facts asserted in proof of these arguments. Universal compul- sory service must in any country draw into the military net many most unwilling fish ; and in France, where miserly peasants used to pay £80 for a son's redemption, where there is always a liability to be sent to the African charnel- house in which constitutions are ruined, and where the young adults who dislike service do not, as in Germany, emigrate to America, this unwillingness may go very deep. It is quite true that the immense expedition sent to Tunis went all to pieces, and that incidents occurred revealing disorganisation worse than our own in the Crimea. The Commissariat had nothing ready but its ledgers for accounts. Great batches of recruits were hurried hither and thither to find their regiments. The medical arrangements were simply disgraceful, and probably 'caused more losses through invaliding than they prevented. The Transport service, though millions were spent on it, and though it was supplemented by requisitions, broke down con- tinually, till Generals reported that they could not march. The Intendance, in fact, failed, so failed, that with a European Army in front of it, the expedition might have been in the greatest danger. It is also true that since this affair, the Government, despairing of other cure, has proposed the dangerous one of an African Army, so that in the next cam- paign troops differently organised, trained, and paid will be doing the same work ; and that a tone of aversion for war has spread through the whole French people, and produced, more than any other cause, its perplexing acquiescence in M. Gambetta.'s fall. But, fully admitting all these things, we cannot believe that history is an old almanac, that the character of a nation can change without a change in its external circumstances or its creed, or that it can be either safe or wise to reckon upon France as militarily effaced. To arrive at a just opinion, we must consider all the facts, too many of which are forgotten. These peasants who so dread war are forcing their Deputies, who are said on all hands to be reluctant, to vote the abolition of exemptions. It is they, writes the severest of the critics, a correspondent of the Times, who insist on "the shibboleth of equality." These peasants, so opposed to adventure, vote for the heaviest Military Budget in Europe, never refuse any extra demand, and have for eleven years supported the reorganisation of the Army by steady, silent pressure. These conscripts, declared to be unwilling, come forward for service with machine-like regularity, never rioting, never deserting, never resisting officers who, in a different way, are as severe as Prussians. On service, much of the evil noticed arises from their patience and resignation, which make neglect easy ; and in Tunis the most hostile critics, though full of complaints of the soldiers' lawlessness, do not complain of their insubordina- tion to their own officers. The faults of the Intendance can be corrected, indeed are being corrected, by the Bill which re- places the civil bureaus under the Generals, and no one com- plains of the supply of materiel. By the last accounts, the frontier fortresses have been vastly enlarged and fully pro- visioned, the arsenals are all full, the supply of officers keeps up, and the Ministry have at their disposal, without reckoning the " Territorialists," or ultimate reserve, 284,000 infantry with the colours, 68,000 cavalry, and 68,000 artillery ; or with the Administrative Corps and Gendarmerie, all soldiers, 499,000 men, behind whom stand 327,000 Reservists, all seasoned men, capable of being mobilised in a fortnight. Allowing for a failure of 10 per cent, for sickness or other causes, the Ministry can put into the field, for any sufficient cause, 750,000 men, armed, drilled, and organised, leaving behind them at least as many adults under thirty-five who have been soldiers. That is a most formidable Army, even against a first-class Power, and the only question is whether the men are worthy soldiers. The critics say No, because they are young, because they are unwilling, because they are materialists; but all that resolves itself into the single idea of want of heart. Napoleon's wars were made with conscripts, strengthened by old soldiers ; and war once declared, the Ministry would have, in every arm of the service, to every ten men, four old sea- soned soldiers, two fairly seasoned soldiers, and four with only a year's training. That proportion would work well enough, if only the officers were competent ; and as they are all thoroughly and scientifically trained, their competence, like the spirit of the men, would depend upon their leaders and events. There is the strength and weakness of the French Army, and there it has always been. These masses of fighters have drill enough, discipline enough, materiel enough to do everything, et en to face Prussians, if only they have leaders, a motive, and that small modicum of victory which, to men of their temper, supplies heart. Give them chiefs who can win and evidence that they can, and a cause they understand, and Europe, which is now decrying them, not without a secret complaisance, would again be com- plaining of the inherently military character of the French people. As yet, they do not see the cause, and recollect the invasion of 1870, and are out of spirits ; but the merest acci- dent, an alliance perceptible to the people, an affront which came home to them, the appearance of a General, might change all that in a week, and make France once more a prime mover in the councils of Europe. Do not let us be mistaken. We do not make the Radical blunder of supposing that undrilled or unorganised levies can, without any advantage of country, face veteran troops. What we are contending is that the Ministry of War in France has at its disposal immense bodies of drilled men, ample materiel, sufficient skilled officers, and that, once inspirited by a cause or a commander, the failures of the Intendance, of which so much is made, will disappear, and the Army become at once one of the most efficient in Europe. Its present defect is not in means or character, but in a certain necessary "go." That, at least, is the history of France, and it is important to remember it, when all the world is saying that France, for the present, does not matter, and that no Power need take her seriously into account, because "her Army is not in a good state." We doubt the accounts of its badness, numerous as they are, believing that they are exaggerated to discredit a particular party ; but granting them all, more could have been said of the Army after Jemappes, or in 1848, as more could have been said of the Prussians after Jena, when it seemed that the Hohenzol- terns would never again be able to take the field. France is passing through a singular phase of spiritlessness, but those who reckon on that condition as a new factor in European politics forget that nations, like men, have moods. As for the Paganism of France, it is becoming almost horrible to all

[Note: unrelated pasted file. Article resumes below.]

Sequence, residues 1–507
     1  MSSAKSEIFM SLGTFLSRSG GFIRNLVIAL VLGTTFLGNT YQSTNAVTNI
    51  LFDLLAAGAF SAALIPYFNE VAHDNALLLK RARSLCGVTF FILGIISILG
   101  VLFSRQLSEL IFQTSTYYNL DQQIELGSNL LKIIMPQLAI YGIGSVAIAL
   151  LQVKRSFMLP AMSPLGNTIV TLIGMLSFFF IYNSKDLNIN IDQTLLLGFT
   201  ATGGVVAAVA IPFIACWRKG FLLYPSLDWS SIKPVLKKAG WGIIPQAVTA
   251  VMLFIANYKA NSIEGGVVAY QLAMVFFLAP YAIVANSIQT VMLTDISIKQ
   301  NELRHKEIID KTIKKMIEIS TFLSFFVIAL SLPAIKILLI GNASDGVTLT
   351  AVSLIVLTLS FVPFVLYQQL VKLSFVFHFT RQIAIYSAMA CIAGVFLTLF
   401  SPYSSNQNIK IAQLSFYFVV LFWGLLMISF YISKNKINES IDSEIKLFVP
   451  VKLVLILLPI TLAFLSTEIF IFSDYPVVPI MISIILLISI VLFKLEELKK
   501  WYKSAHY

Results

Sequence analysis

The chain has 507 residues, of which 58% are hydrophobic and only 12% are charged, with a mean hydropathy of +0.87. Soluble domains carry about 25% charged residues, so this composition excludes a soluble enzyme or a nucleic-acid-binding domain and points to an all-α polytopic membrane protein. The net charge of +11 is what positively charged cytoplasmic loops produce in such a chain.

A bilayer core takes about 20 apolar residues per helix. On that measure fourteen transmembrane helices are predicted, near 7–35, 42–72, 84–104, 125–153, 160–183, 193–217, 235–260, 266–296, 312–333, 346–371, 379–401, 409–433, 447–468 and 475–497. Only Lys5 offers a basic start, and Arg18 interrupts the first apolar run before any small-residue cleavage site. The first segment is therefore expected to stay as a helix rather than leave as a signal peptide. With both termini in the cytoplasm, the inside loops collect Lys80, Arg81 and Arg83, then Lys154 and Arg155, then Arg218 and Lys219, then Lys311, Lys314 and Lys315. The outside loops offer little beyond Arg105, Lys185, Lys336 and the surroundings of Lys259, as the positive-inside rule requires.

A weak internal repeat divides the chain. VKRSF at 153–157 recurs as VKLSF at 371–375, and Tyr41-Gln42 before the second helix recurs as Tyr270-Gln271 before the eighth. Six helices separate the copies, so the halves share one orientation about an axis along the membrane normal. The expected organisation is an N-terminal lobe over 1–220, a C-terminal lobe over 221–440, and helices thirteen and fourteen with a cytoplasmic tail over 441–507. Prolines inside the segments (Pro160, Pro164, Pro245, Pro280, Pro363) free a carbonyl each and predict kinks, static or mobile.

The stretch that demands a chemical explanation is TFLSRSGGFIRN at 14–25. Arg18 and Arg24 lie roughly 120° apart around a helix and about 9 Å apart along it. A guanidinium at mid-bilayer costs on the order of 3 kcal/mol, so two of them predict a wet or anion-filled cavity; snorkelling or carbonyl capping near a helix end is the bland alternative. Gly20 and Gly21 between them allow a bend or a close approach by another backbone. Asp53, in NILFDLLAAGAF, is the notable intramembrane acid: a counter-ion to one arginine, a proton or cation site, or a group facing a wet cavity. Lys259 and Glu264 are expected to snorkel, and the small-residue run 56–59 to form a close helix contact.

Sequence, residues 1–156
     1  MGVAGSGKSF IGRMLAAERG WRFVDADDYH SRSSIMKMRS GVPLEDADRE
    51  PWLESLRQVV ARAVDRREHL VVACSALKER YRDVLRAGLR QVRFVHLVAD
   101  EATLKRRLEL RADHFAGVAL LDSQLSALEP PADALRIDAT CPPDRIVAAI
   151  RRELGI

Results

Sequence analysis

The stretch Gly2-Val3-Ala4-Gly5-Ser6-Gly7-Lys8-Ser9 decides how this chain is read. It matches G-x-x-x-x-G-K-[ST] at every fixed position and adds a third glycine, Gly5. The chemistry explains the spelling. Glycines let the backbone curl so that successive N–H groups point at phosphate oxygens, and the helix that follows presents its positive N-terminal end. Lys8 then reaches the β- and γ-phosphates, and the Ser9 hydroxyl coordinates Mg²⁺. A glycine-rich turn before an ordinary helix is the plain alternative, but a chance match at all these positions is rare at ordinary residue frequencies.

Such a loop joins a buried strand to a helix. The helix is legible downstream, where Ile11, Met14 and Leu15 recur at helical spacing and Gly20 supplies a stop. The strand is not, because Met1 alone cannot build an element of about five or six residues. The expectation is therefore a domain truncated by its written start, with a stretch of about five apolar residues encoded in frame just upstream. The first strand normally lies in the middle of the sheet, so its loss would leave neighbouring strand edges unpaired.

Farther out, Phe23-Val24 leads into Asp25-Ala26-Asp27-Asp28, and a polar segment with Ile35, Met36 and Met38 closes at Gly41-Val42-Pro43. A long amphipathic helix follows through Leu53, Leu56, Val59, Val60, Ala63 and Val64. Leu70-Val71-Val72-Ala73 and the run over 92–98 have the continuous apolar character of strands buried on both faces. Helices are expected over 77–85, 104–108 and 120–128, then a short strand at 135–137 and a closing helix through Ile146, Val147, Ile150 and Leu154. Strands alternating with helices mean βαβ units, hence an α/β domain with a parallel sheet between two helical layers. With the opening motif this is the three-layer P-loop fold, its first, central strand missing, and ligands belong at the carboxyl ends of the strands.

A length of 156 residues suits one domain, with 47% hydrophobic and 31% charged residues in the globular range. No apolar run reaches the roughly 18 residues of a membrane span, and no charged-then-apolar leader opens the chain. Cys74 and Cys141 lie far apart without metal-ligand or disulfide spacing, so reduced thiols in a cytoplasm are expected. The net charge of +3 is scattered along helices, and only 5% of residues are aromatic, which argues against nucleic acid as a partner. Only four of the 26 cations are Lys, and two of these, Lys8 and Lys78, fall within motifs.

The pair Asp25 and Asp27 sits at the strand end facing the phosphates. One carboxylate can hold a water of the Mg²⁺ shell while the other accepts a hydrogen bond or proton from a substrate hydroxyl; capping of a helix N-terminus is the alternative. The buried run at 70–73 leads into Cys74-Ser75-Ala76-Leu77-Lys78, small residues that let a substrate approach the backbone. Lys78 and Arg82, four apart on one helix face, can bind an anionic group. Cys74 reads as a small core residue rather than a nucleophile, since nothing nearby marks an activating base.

religious men ; but of the soldiers who gave up the contest after Waterloo, after conquering the Continent, not one-fifth, outside the Bretons, had even a general knowledge of Christianity, had ever been inside a church, or had ever re- ceived the faintest rudiments of religious instruction. They and their officers were boys when the great suspension of Christian worship occurred which to this day has left such traces in France, that it is impossible to judge the religious condition of the children of these men from the condition of any other people. Something fell into that chasm, and has never been regained, but it was not military capacity.